Josh Warrington is tired of waiting for a world title unification fight, so he raced to a two-round win over Sofiane Takoucht on Saturday that he hopes will make things happen.
The IBF world featherweight champion made a successful third defense of his belt in front of his home-city supporters at the Leeds First Direct Arena in Leeds, England, to keep him in the hunt for bigger fights and paydays.
Warrington forced two counts before the fight was stopped after he battered Takoucht in the second round for a much-needed knockout result. Warrington came into the fight with the third-lowest knockout percentage for a current champion (21%). His previous earliest stoppage was a fourth-round TKO almost five years ago to the day (Oct. 4, 2014). But this fight puts the other champions on alert in the division, and arguably makes him No. 1 after other champions have recently quit the division.
Warrington can now move on to what he hopes will be a world title unification clash, which is most likely to be against the WBA “regular” titleholder Can Xu (17-2, 3 KOs), 25, of China, or WBC champion Gary Russell Jr. (30-1, 18 KOs), 31, of the United States.
Warrington (30-0, 7 KOs), 28, from Leeds, had hoped to fight Oscar Valdez in a title unification fight after outpointing English and Yorkshire rival Kid Galahad via a split decision in June.
But the fight never happened as Valdez vacated the belt in August to move up a weight class, and Mexico’s Leo Santa Cruz (36-1-1, 19 KOs), the WBA champion, is now also moving up to junior lightweight for his next fight.
“It was nothing personal, but I think I took my frustration on not getting a unification fight on him tonight,” Warrington said.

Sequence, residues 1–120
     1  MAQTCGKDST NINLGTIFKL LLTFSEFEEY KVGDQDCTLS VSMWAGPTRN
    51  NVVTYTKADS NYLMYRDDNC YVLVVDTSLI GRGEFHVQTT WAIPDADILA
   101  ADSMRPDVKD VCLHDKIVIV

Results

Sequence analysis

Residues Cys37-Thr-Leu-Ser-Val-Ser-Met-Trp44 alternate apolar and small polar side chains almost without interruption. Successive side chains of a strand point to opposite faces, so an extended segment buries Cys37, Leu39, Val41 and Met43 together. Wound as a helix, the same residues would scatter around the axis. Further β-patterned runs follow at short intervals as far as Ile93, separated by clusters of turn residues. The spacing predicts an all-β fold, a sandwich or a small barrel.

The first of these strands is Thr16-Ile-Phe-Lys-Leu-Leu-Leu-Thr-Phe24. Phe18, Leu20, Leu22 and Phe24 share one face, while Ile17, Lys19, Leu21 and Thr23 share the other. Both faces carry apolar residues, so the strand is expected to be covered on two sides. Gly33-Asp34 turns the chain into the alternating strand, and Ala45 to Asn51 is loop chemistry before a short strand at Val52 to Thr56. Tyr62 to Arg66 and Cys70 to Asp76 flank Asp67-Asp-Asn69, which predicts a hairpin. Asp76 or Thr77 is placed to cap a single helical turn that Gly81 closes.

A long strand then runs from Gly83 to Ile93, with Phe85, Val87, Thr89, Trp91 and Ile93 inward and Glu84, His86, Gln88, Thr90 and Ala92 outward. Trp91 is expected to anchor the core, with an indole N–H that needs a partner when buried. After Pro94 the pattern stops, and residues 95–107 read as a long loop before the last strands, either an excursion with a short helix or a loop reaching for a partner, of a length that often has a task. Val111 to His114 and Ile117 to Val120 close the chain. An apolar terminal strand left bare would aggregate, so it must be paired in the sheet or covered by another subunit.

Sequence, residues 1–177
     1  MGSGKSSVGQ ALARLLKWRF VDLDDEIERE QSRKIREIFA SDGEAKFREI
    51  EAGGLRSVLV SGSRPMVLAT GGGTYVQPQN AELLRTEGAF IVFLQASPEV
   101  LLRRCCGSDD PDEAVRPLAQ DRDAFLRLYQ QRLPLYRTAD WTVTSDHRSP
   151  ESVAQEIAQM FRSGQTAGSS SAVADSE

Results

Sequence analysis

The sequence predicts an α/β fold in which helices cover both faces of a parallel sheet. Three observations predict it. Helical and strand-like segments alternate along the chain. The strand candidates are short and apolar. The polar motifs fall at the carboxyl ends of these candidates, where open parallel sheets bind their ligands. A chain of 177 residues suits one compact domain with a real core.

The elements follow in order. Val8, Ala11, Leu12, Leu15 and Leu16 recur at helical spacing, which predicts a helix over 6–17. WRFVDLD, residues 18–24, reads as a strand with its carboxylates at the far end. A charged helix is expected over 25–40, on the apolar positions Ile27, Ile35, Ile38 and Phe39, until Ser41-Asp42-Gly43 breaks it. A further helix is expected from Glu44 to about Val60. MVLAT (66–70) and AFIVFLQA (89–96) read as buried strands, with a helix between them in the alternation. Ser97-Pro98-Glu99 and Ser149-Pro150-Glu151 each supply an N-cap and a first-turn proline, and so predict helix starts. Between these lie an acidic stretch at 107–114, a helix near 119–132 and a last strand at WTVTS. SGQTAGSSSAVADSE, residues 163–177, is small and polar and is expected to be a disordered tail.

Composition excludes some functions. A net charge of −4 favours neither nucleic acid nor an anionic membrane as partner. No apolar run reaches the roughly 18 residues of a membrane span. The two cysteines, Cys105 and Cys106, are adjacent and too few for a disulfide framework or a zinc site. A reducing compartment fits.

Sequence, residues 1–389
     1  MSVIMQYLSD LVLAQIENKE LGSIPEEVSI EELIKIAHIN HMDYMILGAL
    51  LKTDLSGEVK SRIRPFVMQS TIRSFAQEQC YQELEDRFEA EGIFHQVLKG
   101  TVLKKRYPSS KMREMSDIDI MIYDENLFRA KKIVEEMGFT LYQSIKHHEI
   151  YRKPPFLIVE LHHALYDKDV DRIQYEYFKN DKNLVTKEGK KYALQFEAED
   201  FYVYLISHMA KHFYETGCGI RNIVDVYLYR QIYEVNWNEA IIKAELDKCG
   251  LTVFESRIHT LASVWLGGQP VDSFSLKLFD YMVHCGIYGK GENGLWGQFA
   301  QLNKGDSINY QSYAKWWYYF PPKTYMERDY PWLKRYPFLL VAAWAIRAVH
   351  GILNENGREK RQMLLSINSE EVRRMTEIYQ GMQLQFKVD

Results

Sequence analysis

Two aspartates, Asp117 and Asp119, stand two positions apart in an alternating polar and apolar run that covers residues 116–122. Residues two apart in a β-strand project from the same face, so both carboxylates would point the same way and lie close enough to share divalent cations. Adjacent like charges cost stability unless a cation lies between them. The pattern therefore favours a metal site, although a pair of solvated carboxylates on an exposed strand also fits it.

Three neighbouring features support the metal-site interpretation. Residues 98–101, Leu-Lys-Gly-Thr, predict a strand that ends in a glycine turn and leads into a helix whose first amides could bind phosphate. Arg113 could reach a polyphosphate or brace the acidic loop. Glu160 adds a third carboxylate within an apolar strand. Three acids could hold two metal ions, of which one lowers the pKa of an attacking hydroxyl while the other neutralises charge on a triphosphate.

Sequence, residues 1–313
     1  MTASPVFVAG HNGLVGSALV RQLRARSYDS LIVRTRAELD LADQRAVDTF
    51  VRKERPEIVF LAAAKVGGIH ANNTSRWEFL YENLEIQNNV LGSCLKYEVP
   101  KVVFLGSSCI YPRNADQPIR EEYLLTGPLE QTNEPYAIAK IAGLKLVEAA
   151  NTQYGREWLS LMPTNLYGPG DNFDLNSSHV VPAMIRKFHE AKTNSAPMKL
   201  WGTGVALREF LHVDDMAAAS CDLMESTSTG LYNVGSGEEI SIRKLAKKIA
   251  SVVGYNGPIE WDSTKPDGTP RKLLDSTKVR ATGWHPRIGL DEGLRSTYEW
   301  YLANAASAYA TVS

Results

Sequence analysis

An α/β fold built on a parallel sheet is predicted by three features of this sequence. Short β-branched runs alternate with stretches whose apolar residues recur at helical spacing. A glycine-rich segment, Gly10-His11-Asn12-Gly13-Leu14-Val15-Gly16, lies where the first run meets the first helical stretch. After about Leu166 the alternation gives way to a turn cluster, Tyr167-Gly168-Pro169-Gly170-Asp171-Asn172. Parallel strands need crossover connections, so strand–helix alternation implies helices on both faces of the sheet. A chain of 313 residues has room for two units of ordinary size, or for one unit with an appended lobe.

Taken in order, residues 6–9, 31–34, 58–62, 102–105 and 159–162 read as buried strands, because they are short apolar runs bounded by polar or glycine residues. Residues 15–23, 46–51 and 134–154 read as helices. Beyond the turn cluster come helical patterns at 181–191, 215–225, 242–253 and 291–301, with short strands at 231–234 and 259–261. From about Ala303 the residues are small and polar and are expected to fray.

“I’ve made it very clear I want unification fights.
“Valdez and Santa Cruz have moved on. I’m keeping my options open. Gary Russell Jr. is still knocking about. If Can Xu wants the fight, here I am.”
Warrington’s promoter, Frank Warren, said he hopes to deliver a world title unification fight against Xu, who defends his title against American Manny Robles III on Nov. 23.
“We keep our fingers crossed that [fight against Xu] comes over the line,” Warren said.
“Both of them [Valdez and Santa Cruz] have avoided him. He brings finance to the table.”
Warren will try to bring the fight to Elland Road, a soccer stadium in Leeds, in spring or summer next year.
French southpaw Takoucht (35-4-1, 13 KOs), 33, suffered terrible punishment in the second round and the fight finished with him being spun around by a punch before referee Bob Williams stopped it. Warrington first caught Takoucht flush with a right on the ropes for the first of two counts, then landed a left and right to the head.
Warrington was not able to shine against Galahad like he did in his points wins over former world featherweight champions Carl Frampton and Lee Selby. But he showed against Takoucht he does not have a problem facing southpaws.
“Last fight [against Galahad] was a wake-up all and I’ve worked on southpaws,” Warrington said.
On the undercard, Zelfa Barrett broke Jordan McCorry’s stubborn resistance with a right uppercut in the ninth round.
It was an impressive display from light-footed Barrett (23-1, 14 KOs), who showed off his array of skills and forced three knockdowns in a first defense of his Commonwealth junior lightweight title. McCorry (18-7-1, 4 KOs), from Glasgow, Scotland, was dropped by a wicked left to the body in the third, but mustered a spirited response in the fourth. McCorry was brave throughout, and came back firing again after being put down by a combination to the head and body in the eighth.
But the quality came from Barrett, who landed the decisive blow in the ninth to leave McCorry kneeling on the canvas when the fight was stopped.
Lyndon Arthur, like Barrett from Manchester, lifted the vacant Commonwealth light heavyweight title via a unanimous decision (115-112, 117-110, 117-11) over Ghana’s Emmanuel Anim in a seesaw scrap. Arthur (16-0, 12 KOs) floored Anim (14-3-1, 12 KOs) in the fourth, but had some rocky moments himself such as in the eighth round.